Sunday, October 27, 2013

Feral Season

Autumn is the wildest season in the timber. Winds rise. Leaves and dust and pollen take to the air. Black raspberry canes root wherever gravity leads them. Paths that were clear become thickets. Fallen logs bar trails. Leaves land in my hair, and burrs cling to my socks. Barred owls call in the afternoon; great horned owls hoot before dawn. Geese go over, honking. This is the flying moon, when branches are stripped bare and witches sweep the sky.

Italian legends tell of a witch who walks in the woods and along the roadsides, muttering to herself. Sometimes she stops a stranger to hitch a ride or bum a cigarette. You might meet her in the market, mumbling as she glares at the produce. If you are rude to her you will be cheated, but if you are kind you might return home to find a basket of apples by your door.

She was once a goddess or a nymph. Her name is Feronia, from the Latin word for wild, savage, feral. In Rome she accepted the thank-offerings of freed slaves. Outside the city, in her temple at Terracina, fleeing slaves could find sanctuary. She lives in the woods and gives shelter to wild things. She rewards generosity and punishes cruelty. When autumn briars tangle the forest paths, Feronia is guarding the wilderness.

A friend of mine is a lifelong fan of Marvel comics and graphic novels. He prefers myths that are inked in broad, clear strokes, expressing plain, universal truths. I’m more of a poetry fan; I like peeling back layers of the onion to reveal more layers of ambiguity and maybe even meaning. I like my myths gnarled and leafy and branching out in unexpected directions. He prefers statuary: unambiguous, beautiful and stately. We’ve often looked at each other with great curiosity and slight understanding, but really, we’re aware that we are not at odds. If he had not asked me to research the Roman Goddess Libertas, I would never have discovered Feronia.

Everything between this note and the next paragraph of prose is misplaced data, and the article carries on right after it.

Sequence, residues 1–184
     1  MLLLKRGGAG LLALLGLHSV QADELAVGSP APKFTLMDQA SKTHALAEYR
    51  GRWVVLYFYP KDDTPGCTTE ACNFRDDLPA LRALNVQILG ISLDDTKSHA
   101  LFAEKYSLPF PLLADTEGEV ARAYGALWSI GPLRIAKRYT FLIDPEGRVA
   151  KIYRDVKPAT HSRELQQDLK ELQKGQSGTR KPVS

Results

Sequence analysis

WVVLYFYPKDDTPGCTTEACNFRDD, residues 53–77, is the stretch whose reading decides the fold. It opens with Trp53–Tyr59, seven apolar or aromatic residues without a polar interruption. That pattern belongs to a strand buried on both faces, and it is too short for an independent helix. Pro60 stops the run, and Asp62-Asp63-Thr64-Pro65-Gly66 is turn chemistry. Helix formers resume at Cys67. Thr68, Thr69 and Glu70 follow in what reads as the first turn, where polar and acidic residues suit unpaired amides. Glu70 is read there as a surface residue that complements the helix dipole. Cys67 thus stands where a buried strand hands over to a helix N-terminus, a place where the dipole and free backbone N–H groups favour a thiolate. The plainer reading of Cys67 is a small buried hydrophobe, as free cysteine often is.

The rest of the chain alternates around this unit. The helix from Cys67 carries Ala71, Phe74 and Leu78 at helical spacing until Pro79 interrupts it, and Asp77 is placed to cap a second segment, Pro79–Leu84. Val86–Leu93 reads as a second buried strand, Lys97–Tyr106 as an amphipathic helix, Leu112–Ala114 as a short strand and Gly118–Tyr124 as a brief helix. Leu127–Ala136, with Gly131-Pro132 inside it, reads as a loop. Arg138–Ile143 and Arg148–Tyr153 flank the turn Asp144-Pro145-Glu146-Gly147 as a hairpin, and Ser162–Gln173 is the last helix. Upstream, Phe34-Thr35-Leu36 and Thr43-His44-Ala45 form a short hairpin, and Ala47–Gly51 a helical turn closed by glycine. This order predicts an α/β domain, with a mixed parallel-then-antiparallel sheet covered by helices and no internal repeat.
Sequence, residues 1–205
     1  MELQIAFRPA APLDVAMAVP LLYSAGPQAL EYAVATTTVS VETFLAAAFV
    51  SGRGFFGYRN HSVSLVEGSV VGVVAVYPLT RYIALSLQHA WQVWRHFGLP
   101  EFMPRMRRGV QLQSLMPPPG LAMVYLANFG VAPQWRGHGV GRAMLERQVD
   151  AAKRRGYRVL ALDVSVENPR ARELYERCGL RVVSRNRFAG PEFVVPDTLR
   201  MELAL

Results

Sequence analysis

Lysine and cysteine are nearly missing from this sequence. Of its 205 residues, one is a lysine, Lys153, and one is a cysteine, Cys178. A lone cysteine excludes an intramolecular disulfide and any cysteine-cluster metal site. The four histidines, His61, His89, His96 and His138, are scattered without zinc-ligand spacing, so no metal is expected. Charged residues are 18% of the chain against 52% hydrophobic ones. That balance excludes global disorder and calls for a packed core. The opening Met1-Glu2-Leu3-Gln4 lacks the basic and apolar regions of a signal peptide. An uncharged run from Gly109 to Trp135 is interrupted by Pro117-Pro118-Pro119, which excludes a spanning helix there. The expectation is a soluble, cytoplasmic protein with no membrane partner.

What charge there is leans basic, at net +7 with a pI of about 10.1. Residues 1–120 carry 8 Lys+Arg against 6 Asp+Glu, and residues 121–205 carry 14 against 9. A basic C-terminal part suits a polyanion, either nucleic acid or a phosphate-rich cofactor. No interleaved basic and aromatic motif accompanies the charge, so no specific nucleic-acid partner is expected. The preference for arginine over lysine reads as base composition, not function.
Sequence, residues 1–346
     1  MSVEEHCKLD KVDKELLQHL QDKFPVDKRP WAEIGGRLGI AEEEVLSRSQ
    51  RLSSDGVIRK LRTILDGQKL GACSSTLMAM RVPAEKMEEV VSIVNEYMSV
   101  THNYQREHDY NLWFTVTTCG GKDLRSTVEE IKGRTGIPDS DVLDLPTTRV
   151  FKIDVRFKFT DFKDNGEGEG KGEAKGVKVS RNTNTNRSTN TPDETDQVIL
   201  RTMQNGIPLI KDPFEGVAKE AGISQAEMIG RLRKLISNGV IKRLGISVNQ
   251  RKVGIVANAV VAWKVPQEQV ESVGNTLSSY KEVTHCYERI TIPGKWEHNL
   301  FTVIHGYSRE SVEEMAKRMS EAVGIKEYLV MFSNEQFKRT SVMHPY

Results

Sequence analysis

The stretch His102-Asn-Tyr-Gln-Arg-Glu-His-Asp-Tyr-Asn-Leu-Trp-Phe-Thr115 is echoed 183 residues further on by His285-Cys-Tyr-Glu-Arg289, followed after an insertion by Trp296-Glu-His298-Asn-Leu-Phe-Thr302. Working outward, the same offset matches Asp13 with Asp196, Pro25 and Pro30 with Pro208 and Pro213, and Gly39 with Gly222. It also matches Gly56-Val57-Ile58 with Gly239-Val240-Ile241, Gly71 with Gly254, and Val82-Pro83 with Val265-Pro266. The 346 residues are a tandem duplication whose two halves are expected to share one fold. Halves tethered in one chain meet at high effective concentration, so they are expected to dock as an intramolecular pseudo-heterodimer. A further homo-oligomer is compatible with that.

Libertas and Feronia back each other on the same coin, like spirit and matter, each only a breath, an idea, away from the other. Like Castor and Polydeuces, the brothers of Helen and Clytemnestra, one is immortal and pure, the other mortal and holy. Like Romulus, who founded a city, and Remus, son of a she-wolf running free on the mountainsides, they are twins in immortality and sacred mortality.

My woods are not pristine. My wilderness has been violated many times. The feral landscape has reclaimed that violation. The timber is full of ticks and mosquitoes, burrs, poison ivy and devil’s darning needles. Feronia walks here, muttering to herself, cursing and blessing as she wills. Her footsteps rustle the leaves at my back. I thank her for my freedom when I meet her. More often, I mutter to myself and shuffle on my way. Sometimes I almost glimpse my own shadow.

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